MSE Seminar: Insights into Battery Operation through X-ray Scattering and Spectroscopy

Date(s) - 09/19/2023
3:00 pm - 4:00 pm

Rhines Hall 125



Electrochemical energy storage is an enabling technology as humanity transitions to a carbon-neutral economy. While Li-ion batteries are presently the dominant technology, a diversity of energy storage needs demands a diversity of storage technologies.

My research group is focused on helping to enable these types of batteries through an understanding of their operation and degradation modes, using operando X-ray-based methodologies coupled with electrochemistry.

In this talk, I will discuss several vignettes including (i) demonstrating the Na storage mechanisms and heterogeneous nanopore filling in hard-carbon anodes for Na-ion batteries, (ii) presenting a novel pathway explaining self-discharge in Li-ion cathodes where hydrogenation of layered transition metal oxide induces self-discharge through hydrogen transfer from carbonate solvents to delithiated oxides, (iii) determining that the degradation pathways in Li-ion batteries under extreme fast charging involved predominately heterogenous Li-metal plating in full cells.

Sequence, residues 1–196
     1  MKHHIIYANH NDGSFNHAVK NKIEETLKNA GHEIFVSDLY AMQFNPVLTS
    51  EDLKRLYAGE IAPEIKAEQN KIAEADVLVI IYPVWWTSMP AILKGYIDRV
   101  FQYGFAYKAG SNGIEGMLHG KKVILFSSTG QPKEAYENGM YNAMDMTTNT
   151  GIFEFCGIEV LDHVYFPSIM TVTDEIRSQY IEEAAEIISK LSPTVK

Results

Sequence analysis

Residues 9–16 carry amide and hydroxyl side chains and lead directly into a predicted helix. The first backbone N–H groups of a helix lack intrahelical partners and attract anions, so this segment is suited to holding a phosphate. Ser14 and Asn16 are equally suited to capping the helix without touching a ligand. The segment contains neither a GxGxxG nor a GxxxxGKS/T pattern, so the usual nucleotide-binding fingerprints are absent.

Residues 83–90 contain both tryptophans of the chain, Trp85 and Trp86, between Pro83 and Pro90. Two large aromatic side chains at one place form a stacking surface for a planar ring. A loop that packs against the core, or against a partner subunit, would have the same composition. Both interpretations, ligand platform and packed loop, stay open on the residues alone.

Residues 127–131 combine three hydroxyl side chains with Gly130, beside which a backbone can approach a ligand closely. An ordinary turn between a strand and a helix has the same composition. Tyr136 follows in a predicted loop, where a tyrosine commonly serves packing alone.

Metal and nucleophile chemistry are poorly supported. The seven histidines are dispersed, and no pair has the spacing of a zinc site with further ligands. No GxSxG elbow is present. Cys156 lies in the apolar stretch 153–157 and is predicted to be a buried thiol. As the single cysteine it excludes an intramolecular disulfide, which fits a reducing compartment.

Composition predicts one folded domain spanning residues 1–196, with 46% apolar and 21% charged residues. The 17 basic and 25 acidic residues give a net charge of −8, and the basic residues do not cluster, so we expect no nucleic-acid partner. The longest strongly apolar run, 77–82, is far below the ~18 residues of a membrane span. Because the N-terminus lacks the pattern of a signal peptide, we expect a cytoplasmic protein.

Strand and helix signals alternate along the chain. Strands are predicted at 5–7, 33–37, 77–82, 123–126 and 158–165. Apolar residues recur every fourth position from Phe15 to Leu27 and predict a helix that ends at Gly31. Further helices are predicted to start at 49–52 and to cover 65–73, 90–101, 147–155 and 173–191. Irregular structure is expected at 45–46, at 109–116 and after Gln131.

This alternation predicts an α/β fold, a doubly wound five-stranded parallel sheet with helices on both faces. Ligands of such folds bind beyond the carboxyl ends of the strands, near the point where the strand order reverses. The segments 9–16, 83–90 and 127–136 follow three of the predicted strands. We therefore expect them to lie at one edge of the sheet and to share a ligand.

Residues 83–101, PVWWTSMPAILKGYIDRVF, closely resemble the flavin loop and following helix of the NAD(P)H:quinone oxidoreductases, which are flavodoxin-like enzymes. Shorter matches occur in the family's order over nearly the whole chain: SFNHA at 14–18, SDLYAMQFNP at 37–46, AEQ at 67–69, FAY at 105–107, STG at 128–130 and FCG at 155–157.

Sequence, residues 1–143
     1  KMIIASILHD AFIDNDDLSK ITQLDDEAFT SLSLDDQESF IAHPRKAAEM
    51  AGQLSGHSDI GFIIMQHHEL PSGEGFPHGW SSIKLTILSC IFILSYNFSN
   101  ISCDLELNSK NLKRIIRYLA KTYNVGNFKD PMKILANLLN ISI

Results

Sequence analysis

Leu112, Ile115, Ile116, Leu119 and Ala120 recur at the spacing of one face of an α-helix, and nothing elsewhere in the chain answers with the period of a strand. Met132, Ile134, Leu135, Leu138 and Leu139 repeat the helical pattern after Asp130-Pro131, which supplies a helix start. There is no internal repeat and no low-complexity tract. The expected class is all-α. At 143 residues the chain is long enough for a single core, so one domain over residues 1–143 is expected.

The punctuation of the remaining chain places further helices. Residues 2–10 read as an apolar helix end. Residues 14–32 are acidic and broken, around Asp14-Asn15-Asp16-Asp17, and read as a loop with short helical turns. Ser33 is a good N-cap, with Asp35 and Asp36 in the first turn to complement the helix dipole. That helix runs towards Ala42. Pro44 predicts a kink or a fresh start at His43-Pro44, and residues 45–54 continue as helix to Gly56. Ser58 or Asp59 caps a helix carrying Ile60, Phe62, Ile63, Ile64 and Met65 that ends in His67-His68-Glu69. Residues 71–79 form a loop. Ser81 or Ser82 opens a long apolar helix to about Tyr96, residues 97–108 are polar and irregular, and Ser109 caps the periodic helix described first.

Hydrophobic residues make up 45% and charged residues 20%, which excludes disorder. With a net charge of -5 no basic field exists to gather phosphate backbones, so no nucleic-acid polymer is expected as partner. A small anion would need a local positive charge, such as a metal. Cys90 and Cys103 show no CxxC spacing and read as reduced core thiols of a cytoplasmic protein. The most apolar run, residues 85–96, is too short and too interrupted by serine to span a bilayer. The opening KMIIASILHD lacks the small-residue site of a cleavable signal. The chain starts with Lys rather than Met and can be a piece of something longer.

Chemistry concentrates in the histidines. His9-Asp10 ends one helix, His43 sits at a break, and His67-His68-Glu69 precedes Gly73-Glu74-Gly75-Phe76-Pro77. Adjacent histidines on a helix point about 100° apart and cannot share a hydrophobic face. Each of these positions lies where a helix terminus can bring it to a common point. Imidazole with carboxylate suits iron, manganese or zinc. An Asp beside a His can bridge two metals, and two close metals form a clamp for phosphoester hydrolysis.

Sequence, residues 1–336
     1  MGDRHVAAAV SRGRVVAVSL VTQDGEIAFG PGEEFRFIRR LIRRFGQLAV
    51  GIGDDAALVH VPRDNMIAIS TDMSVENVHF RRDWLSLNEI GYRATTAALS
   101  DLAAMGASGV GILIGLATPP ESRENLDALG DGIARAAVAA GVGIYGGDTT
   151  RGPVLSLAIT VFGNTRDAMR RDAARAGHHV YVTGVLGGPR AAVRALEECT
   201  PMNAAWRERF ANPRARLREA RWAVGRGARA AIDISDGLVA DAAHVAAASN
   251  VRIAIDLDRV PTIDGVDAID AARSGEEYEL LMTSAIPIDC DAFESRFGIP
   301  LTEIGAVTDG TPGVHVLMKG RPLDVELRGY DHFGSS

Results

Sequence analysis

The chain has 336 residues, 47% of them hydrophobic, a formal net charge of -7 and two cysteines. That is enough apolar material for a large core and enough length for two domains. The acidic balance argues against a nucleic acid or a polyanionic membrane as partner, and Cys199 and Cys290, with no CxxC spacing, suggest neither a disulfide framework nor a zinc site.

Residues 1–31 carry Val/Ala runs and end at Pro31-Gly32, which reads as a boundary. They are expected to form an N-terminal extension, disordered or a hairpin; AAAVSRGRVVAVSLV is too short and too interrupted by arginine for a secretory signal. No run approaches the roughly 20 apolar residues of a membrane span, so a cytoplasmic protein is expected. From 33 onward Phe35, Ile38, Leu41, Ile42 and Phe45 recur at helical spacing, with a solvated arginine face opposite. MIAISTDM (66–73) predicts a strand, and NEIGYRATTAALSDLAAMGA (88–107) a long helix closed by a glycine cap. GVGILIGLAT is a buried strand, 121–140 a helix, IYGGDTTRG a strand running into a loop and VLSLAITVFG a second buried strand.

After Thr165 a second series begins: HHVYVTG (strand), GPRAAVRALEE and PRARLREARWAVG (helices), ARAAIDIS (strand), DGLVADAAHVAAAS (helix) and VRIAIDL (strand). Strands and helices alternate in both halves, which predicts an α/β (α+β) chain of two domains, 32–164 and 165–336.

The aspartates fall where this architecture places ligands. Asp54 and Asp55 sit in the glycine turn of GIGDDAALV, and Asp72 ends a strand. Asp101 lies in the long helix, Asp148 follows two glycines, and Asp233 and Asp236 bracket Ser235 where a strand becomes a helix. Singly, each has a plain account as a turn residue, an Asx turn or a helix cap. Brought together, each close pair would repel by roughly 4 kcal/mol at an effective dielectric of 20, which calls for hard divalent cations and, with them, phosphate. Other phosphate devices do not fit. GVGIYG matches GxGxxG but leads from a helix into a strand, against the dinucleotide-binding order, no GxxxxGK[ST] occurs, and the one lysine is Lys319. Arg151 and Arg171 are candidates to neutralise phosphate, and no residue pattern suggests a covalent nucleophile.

One focus of our research is on the quantification of competing electrochemical processes as a way to guide the implementation of methods to improve battery systems.


Mike Toney, Ph.D.

Professor, Chem. & Biological Engineering and MSE
Colorado University, Boulder

Dr. Mike Toney is a Professor of Chemical and Biological Engineering and Materials Science and Engineering and a Fellow of the Renewable and Sustainable Energy Institute (RASEI) at CU Boulder. He received his B.S. from Caltech and his Ph.D. in physics from the University of Washington.

After a NATO Postdoctoral Fellowship, he joined the IBM Research Division to focus on the use of X-ray scattering methods for structure determination for polymer thin films and interfaces. After working at the Stanford Synchrotron Radiation Lightsource (SSRL), he joined CU Boulder in 2020. Toney is a pioneer in the use of X-ray diffraction for in-situ investigations of atomic structure at electrified interfaces and in energy storage and of the molecular structure of organic thin films. He is a Fellow of APS and a Thomson Reuters highly cited researcher in Materials Sciences.